Soon gave me to know I had nothing to dread;
He spoke not a word, but went straight to his work,
And filled all the stocking; then turned with a jerk,
And laying his finger aside of his nose,
And giving a nod, up the chimney he rose;
He sprang to his sleigh, to his team gave a whistle,
And away they all flew like the down of a thistle.

But I heard him exclaim, ere he drove out of sight,
Happy christmas to all and to all a good night



The Poem That Saved Christmas (well, almost): Of all the classic Christmas readings, this poem probably has the most colorful history. We know when it was first published, but there is some controversy about who actually wrote it in the first place. That said, the poem reshaped our nation’s view of St.Nicholas, and even helped the celebration of Christmas, at a time when the holiday had been drifting into neglect and even disrepute.
By the time that the Troy Sentinel first published this poem anonymously in 1823, Christmas celebrations were in some decline. In some circles, year-end parties had become so raucous that Christmas was no longer really a "family" holiday. In other, more religous circles, some wanted to wipe out, not only the raucous year-end celebrations, but also Christmas itself, which was "guilty by association." Even poor St. Nicholas was not the cheerful, red-robed, chubby soul that we imagine today - rather he often dressed in brown or green, was relatively slender, and was as likely to dole out punishment as gifts.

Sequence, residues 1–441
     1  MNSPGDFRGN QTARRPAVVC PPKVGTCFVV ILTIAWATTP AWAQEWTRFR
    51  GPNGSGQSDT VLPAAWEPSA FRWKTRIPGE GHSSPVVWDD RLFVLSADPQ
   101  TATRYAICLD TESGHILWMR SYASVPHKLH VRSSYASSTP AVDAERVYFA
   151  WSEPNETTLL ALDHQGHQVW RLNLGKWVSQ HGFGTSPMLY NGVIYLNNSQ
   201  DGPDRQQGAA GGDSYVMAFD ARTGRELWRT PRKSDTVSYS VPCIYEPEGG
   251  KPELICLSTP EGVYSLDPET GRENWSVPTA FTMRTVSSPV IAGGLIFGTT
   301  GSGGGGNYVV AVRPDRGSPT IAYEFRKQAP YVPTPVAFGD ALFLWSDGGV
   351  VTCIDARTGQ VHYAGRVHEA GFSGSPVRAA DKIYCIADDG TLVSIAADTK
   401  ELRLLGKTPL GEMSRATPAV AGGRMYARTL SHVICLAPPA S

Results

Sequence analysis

The poem’s clever verse and fresh view of "St. Nick" were well-received. "A Visit from St. Nicholas" was republished anonymously several more times before 1937, when it was first published under the name of Clement Clarke Moore, a well-known clergyman.

In the meantime, another prominent family, the Livingstons had always understood that their father and grandfather, Major Henry Livingstone had written the poem. After learning that Moore had claimed credit for the poem, several generations of Livingston’s heirs tried to "set the record straight." In recent years, they have drawn at least one well-known expert to their side. Still, most current publications follow the tradition of giving Clement C. Moore credit for the work.